Soffritto – fried carrots, onions, garlic and celery is at the centre of many Italian dishes and our homemade soffritto paste is so easy to make. For the best results, it’s cooked slowly and gently; to save time, prepare ahead and freeze in portions.
So many recipes – particularly for Mediterranean cuisines – start with a fried onion, or a variation thereof. Soffritto is the perfect example – a gently fried mix of onion, carrot, celery and garlic. You can buy an expensive pot in the supermarket, but it’s easy and cheap to make yourself.
The Italian soffritto – two fs, two ts, is very similar to the French mirepoix, and like mirepoix, needs to be cooked slowly. Don’t whack up the heat and expect great results in 5 minutes; it needs a low heat, frequent stirring and time. We’re not looking to caramelize the onions; rather cook them until translucent and just starting to colour.
The classic mixture is the four ingredients already mentioned: onion, carrots, celery and garlic. But you can vary things according to what’s fresh, what’s available and what’s in the bottom of your fridge. Leeks, spring onions, parsley stalks, even peppers could easy go into the mix. Yes, purists will throw up their hands in horror, but little things like this can help with reducing food waste.
What is Soffritto?
As mentioned, it’s a mix of onion, carrots, celery and garlic, that have been chopped and then gently slowly fried. Similar to French mirepoix, but very different from the Spanish sofrito (one f, one t); similarly, fried onions and other vegetables used as a base for many dishes but including tomato and spices, frequently paprika.
How do I make Soffritto?
Soffritto is easy to make, but does benefit from time. Chop one large onion, one large carrot, two sticks of celery and two cloves of garlic. Heat two tablespoons of oil in a large frying pan over a medium to low heat, and add the vegetables. Stir frequently; as I said, we don’t want to caramelize the onion, rather cook it until it’s translucent and just staring to colour.
Classically, it would be used as is, straight from the pan. But we like to make soffritto paste by blitzing it in a food processor, or with a stick blender, into a smooth paste, which makes it much easier to keep.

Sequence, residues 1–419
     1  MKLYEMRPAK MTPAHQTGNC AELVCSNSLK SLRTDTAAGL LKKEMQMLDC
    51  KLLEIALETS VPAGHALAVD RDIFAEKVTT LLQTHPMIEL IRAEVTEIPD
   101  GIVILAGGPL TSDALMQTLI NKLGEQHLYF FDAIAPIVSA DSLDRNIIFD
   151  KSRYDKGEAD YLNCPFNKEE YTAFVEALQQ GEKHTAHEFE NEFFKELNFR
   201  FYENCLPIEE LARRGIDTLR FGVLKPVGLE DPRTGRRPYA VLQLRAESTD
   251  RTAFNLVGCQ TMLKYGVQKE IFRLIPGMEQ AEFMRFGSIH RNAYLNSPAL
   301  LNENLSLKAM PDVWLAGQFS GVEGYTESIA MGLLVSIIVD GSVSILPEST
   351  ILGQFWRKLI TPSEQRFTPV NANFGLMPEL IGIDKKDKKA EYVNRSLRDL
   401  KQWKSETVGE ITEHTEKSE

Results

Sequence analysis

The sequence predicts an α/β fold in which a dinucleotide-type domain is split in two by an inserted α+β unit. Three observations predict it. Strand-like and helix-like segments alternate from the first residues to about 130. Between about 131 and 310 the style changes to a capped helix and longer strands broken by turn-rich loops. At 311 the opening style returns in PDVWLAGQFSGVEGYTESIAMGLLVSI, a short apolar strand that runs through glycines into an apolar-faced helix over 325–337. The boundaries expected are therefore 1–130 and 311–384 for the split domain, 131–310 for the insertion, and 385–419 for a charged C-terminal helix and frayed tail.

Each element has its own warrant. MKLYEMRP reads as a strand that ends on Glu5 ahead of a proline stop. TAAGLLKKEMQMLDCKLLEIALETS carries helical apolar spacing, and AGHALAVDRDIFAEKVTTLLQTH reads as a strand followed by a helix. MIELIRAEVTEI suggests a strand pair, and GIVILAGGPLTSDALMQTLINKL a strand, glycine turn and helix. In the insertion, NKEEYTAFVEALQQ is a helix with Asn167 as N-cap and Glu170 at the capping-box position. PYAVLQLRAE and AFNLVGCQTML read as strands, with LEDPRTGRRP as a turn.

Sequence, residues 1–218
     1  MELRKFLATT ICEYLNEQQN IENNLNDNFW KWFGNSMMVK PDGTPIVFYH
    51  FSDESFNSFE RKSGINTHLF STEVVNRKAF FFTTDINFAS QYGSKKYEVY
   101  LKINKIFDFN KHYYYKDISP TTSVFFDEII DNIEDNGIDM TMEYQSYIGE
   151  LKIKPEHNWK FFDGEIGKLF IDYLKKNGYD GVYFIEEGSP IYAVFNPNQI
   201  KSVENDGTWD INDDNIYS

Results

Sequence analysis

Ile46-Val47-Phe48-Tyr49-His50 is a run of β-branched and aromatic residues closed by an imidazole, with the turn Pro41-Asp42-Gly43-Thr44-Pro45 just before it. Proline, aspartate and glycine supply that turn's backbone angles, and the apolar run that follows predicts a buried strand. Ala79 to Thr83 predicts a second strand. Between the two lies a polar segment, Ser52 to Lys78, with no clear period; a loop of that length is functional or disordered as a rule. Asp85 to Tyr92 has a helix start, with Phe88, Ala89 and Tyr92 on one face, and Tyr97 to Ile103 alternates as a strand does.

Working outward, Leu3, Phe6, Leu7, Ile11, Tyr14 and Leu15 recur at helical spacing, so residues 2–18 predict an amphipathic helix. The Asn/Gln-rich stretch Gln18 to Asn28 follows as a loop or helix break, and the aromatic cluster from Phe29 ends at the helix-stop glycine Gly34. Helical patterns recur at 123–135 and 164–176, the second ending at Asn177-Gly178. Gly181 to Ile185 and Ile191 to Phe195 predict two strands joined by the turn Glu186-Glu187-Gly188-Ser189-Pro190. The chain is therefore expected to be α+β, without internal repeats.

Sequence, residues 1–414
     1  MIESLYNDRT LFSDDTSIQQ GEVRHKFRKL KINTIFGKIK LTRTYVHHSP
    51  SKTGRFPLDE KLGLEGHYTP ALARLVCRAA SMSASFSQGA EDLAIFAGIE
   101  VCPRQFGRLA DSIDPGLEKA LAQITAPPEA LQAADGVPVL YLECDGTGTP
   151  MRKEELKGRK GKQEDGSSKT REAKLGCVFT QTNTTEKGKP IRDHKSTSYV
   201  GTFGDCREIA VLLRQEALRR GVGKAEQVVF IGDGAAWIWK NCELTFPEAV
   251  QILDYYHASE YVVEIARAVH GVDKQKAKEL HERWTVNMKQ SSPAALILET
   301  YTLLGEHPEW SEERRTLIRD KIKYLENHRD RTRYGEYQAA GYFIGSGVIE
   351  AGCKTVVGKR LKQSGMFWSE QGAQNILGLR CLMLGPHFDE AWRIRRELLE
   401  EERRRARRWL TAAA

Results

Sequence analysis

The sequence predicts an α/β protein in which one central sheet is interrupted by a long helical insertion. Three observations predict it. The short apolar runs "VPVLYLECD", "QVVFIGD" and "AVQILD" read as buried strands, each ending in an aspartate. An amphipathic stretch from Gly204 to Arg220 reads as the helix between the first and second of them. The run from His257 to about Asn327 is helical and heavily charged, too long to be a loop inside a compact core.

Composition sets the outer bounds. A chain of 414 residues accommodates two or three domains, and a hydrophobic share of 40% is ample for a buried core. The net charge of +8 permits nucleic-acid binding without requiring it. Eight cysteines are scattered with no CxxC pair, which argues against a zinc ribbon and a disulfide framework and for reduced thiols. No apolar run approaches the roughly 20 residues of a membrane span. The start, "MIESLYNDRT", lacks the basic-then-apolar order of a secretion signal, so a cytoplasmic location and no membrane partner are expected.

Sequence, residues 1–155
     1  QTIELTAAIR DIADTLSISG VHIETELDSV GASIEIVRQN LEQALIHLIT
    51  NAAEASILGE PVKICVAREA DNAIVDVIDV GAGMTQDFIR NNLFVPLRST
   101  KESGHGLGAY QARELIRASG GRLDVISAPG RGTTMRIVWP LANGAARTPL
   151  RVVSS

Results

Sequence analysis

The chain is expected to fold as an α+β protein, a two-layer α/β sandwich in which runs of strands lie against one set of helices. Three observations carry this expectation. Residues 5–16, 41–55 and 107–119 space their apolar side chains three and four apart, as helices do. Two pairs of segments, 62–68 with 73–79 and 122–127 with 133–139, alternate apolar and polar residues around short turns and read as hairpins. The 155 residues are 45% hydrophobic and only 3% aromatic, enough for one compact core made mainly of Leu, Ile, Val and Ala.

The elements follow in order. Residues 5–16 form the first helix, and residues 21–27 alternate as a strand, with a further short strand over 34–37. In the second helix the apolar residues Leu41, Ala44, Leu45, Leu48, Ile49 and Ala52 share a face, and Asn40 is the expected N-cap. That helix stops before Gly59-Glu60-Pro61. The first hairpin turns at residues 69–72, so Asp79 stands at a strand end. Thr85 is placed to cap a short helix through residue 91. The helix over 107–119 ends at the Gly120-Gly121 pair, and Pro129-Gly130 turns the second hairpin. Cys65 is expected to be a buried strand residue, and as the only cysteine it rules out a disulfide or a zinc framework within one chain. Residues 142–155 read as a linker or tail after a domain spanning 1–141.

Can I freeze homemade Soffritto Paste?
Absolutely yes! The idea of having enough time to cook everything always from scratch is nice, but not realistic for most of us. We blitz the cooked soffritto with a food processor – a cheap stick blender would do just as well – into a paste, and freeze it in an ice cube tray. It’ll keep in the freezer for a couple of months without any problem.
This recipe makes six tablespoons of soffritto paste. We would make more, but we’re a bit short on freezer space at the moment.
How do I use Soffritto Paste?
For using in the evening and if frozen into cubes, take a couple out of the freezer in the morning and allow to defrost in the fridge during the day. Then use it as fritto paste as a basis for many dishes, Italian and otherwise. Here are a few ideas for using homemade soffritto:
- As a base for soups – both thin, and thicker broths
- The starting point for a risotto
- Stir into hummus and other bean dips
- On toast or oatcakes as a snack
- Stirred into mashed potato for extra flavour
- In a cheese toastie
- As a simple but tasty sauce for homemade pasta.
What special diets is homemade Soffritto paste suitable for?
Soffritto is both vegan and naturally gluten free.
Soffritto - fried carrots, onions, garlic and celery is at the centre of many Italian dishes and so easy to make at home. For the best results, it's cooked slowly and gently; to save time, prepare ahead and freeze in portions.
- 1 carrot large
- 1 onion large
- 2 sticks celery
- 2 cloves garlic
- 1 tbsp olive oil
Scrub (but don't peel) the carrot if needed, and clean the celery. Peel the onion and garlic.
Cut carrot, celery and onion into small cubes. Crush the garlic.
Add the oil, celery, onion and carrot to a large frying pan. Place on a low heat. As the pan heats, stir the mixture every couple of minutes. Season well with salt.
After 10 minutes, add the garlic and stir in.
Cook for another 10 - 15 minutes until the onion is translucent and just staring to colour.
Transfer to the smallest jug of a food processor and blitz until a paste. Leave some texture if desired.
If you don't have a food processor, a blender or stick blender will do equally well. Add a drop or two of water, white wine or lemon juice if needed to help.
Either use straight away or allow to cool, spoon into an ice cube tray and freeze.
Measurements are approximate.
Use approximately the same weight of onion, carrot and celery, if in doubt have extra onion.